Estimates project aggregate health care spending in the U.S. will grow at an average rate of 5.8% for 2012-2022, according to data released from the Office of the Actuary at the Centers for Medicare and Medicaid.
The increase is one percentage point faster than expected in the gross domestic product so that the health care share of the GDP in 2022 is projected to reach 19.9%, up from 17.9% in 2011.
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These projections reflect a combination of factors affecting health care spending, including forecasted changes in the nation’s economy and provisions of the Affordable Care Act.
For 2013 health care spending was projected to remain under 4% because of the sluggish economic recovery, slowed growth in Medicare and Medicaid spending, and continued cost-sharing requirements for the privately insured.
But starting in 2014, growth in national health spending is expected to accelerate to 6.1 percent. The sharp rise in the coming year is mainly due to the expanded insurance coverage as a result of the ACA, though either Medicaid or other marketplaces.
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The use of medical services and goods, especially prescription drugs and physician services, among the newly insured is expected to contribute significantly to spending increases in Medicaid and private health insurance. In addition, out-of-pocket spending is expected to decline 1.5% in 2014 because of new overages and lower cost sharing for those with better coverage.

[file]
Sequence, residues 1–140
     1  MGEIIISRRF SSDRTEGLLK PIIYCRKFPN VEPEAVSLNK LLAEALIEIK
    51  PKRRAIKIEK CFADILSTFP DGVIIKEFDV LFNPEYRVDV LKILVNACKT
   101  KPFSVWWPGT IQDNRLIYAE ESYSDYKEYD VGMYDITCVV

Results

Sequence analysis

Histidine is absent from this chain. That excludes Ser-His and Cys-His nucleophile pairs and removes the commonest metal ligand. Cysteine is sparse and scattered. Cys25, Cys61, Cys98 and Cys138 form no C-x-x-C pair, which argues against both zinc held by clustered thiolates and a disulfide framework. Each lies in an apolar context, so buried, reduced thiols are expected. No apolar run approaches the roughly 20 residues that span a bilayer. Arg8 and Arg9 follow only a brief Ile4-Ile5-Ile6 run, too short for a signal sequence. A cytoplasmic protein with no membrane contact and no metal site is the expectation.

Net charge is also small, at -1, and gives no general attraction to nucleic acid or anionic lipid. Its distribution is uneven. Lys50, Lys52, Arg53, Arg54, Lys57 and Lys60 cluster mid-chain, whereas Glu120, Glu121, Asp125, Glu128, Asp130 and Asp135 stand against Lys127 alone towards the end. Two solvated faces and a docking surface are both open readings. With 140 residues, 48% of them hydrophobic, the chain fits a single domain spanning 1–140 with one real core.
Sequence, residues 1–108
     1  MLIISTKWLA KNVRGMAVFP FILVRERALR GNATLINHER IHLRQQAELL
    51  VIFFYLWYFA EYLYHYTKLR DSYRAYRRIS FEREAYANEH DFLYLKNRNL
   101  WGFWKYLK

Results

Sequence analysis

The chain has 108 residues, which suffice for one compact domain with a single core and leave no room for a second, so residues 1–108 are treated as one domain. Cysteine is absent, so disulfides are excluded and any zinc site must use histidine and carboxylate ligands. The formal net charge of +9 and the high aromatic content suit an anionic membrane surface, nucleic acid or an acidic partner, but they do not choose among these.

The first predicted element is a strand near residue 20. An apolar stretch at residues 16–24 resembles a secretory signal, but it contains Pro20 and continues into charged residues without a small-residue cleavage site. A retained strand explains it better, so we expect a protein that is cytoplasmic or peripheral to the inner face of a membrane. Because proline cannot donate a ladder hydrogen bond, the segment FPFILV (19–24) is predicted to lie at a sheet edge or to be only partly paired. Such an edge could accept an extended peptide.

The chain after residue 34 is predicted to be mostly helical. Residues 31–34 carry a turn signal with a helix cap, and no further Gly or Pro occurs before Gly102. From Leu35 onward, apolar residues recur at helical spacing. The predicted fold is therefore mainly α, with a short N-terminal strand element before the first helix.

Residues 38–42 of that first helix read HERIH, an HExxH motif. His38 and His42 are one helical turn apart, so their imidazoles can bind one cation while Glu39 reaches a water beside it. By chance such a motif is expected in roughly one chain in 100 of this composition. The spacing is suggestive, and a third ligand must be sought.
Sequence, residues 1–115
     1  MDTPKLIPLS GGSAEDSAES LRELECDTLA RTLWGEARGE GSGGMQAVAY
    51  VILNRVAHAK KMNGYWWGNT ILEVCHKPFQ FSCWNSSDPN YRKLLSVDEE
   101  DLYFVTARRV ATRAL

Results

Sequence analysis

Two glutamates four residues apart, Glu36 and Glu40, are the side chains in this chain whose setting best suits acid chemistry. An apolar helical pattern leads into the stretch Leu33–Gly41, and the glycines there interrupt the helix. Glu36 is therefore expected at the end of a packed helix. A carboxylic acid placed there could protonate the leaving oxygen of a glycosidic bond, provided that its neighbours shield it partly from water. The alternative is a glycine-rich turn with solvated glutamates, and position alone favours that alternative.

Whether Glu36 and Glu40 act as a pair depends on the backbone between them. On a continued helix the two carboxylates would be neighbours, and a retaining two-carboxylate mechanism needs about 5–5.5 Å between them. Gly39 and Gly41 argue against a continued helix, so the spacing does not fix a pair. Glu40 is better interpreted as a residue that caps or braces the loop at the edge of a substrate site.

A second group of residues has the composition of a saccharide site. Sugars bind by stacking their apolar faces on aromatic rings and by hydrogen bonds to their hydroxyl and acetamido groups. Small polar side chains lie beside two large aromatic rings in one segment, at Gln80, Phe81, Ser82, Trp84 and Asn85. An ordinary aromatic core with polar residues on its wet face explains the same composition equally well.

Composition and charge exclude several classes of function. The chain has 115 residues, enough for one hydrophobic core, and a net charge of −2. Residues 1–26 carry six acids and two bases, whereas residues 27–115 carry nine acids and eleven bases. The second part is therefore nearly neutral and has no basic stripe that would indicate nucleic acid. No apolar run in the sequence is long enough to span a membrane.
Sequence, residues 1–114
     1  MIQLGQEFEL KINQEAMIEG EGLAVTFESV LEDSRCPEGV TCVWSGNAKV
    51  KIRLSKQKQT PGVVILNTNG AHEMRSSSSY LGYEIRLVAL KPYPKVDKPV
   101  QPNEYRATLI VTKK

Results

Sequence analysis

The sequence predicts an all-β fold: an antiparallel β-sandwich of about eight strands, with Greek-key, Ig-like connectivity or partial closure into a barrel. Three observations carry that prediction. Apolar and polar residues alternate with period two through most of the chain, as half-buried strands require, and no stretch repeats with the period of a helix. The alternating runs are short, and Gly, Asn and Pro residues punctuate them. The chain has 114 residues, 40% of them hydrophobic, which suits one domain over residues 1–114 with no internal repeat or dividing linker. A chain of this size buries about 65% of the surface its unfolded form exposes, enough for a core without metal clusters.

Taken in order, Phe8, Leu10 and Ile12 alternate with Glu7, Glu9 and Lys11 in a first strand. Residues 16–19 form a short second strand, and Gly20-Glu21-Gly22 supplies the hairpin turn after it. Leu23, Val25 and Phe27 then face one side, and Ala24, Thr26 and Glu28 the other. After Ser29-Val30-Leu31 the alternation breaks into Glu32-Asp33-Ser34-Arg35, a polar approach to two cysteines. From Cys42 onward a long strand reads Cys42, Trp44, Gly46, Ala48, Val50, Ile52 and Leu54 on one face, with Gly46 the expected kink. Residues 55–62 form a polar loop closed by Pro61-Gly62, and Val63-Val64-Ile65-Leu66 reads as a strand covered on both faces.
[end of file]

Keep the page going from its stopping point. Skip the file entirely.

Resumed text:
Further analysis may indicate these increases may not be cause for alarm, however. The Office of the Actuary also studied the relationship between economic growth and health spending over the past 50 years. It suggests that health spending growth is likely to accelerate once economic conditions improve markedly.
“Although projected growth is faster than in the recent past, it is still slower than the growth experienced over the long term,” Gigi Cuckler, lead author of the study, said.
To learn more about the reasons for the spending increase, read the press release provided by Health Affairs.